It’s official, Super Bowl LVIII has reached outer space.
Two NASA astronauts apparently geared up for the big showdown between the Kansas City Chiefs and San Francisco 49ers in Las Vegas today (Feb. 11) by tossing the old pigskin around the International Space Station.
Getting some reps in before #SuperBowl Sunday 🏈 pic.twitter.com/ATM6hJXW8aFebruary 10, 2024
“Getting some reps in before Super Bowl Sunday,” NASA wrote on X (formerly Twitter) while sharing a short video of the Expedition 70 astronauts Jasmin Moghbeli and Loral O’Hara tossing the football on the station on Feb. 10.
In the video, which last just 4 seconds without sound, Moghbeli throws the football at a camera as O’Hara floats in weightlessness at her side holding a microphone. It’s a harrowing toss, as the pair were in a packed module of the station, surrounded by laptops, cables and other equipment.
You can see Moghbeli laugh as the football bounces off something off screen and come floating back.
The astronauts weren’t the only ones to get in on the Super Bowl ahead of today’s game. The Canadian Space Agency released a short video on X showing its Dextre robot on the station’s hull wearing a football referee jersey. In the animated clip, the robot raises its arms in a touchdown sign as the crowd goes wild.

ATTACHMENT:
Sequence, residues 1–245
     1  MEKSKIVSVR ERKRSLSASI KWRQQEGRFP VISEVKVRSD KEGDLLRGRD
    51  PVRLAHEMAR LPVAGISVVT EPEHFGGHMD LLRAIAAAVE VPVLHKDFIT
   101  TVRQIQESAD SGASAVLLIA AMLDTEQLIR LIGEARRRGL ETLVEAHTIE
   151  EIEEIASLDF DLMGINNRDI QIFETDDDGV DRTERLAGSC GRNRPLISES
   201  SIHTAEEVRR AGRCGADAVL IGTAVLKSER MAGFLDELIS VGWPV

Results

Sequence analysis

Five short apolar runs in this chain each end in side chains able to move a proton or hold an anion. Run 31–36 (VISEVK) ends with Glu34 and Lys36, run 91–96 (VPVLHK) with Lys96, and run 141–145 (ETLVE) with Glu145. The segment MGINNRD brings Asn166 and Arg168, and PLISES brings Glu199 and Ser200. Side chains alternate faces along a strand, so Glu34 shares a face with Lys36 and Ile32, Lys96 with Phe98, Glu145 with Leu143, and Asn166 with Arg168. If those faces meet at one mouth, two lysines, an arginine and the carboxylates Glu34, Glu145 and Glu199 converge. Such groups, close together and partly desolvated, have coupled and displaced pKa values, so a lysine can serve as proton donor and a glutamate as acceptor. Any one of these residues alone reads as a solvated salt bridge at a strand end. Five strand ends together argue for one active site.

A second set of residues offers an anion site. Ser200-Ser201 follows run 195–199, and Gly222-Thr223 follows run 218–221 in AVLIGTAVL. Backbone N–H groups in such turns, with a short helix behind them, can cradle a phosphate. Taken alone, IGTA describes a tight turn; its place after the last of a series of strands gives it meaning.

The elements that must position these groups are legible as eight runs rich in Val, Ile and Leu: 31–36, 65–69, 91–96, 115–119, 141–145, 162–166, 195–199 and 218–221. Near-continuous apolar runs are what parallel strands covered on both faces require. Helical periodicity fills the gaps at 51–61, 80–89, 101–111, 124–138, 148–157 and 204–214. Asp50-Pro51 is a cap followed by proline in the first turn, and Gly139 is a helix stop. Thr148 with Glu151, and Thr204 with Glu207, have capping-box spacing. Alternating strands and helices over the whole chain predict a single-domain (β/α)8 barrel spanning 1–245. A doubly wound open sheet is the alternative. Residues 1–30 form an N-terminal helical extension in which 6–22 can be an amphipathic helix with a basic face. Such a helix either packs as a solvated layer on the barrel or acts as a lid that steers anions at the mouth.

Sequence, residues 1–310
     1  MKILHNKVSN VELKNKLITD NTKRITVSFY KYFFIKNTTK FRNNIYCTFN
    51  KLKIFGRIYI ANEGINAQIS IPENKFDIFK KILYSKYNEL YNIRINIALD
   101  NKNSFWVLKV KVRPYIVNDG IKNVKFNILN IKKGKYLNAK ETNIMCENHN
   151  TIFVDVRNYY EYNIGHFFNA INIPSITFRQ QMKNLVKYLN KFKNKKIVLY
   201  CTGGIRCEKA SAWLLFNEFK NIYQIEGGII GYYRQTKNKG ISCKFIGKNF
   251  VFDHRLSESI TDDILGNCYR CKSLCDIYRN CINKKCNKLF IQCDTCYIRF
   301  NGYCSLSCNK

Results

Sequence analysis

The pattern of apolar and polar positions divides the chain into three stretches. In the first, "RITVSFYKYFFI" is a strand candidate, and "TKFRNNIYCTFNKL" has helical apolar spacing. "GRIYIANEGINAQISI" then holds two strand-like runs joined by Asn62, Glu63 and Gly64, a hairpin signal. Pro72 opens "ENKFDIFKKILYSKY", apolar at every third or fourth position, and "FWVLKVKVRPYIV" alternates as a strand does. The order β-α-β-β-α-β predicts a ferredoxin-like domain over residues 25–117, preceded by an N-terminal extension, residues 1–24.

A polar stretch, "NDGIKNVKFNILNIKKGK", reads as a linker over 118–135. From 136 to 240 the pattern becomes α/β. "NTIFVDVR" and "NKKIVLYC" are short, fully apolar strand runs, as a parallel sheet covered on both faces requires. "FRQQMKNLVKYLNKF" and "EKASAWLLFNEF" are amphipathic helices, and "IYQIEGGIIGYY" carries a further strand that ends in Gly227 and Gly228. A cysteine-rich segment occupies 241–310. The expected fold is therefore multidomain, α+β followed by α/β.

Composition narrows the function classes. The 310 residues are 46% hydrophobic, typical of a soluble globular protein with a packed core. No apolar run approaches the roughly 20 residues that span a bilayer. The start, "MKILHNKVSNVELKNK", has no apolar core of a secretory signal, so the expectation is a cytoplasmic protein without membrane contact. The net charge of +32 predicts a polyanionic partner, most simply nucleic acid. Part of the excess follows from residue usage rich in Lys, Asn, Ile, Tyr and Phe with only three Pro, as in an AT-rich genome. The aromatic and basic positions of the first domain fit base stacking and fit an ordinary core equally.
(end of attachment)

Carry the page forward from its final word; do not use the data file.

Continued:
“A new referee has fantastic view from space!” the Canadian Space Agency wrote in the X post. “Dextre, the Space Station Canadian robotic helper, wishes you a great Super Bowl LVIII this Sunday!”
A new referee has a fantastic view from space! 🏈 Dextre, the @Space_Station Canadian robotic helper, wishes you a great Super Bowl LVIII this Sunday! @NFL #SBLVIII pic.twitter.com/JGBgjTwDsyFebruary 9, 2024
NASA has had run-ins with the Super Bowl before.
In 2017, Houston – the hometown of NASA’s Mission Control and Johnson Space Center – hosted Super Bowl LI between the New England Patriots and the Atlanta Falcons (spoiler alert: the Patriots won 34 to 28) and NASA celebrated with a space-themed Super Bowl Live experience, space testing of NFL regulation footballs and more.
In 2010, the opening coin toss of Super Bowl XLIV was made with a coin that flew in space and NASA even recruited a former NFL football player as an astronaut: Leland Melvin was drafted by the Detroit Lions as a wide receiver in 1986 and was injured a year later while with the Dallas Cowboys, ending his football career.
Melvin joined NASA in 1998 and flew on two space shuttle missions before retiring from NASA in 2014.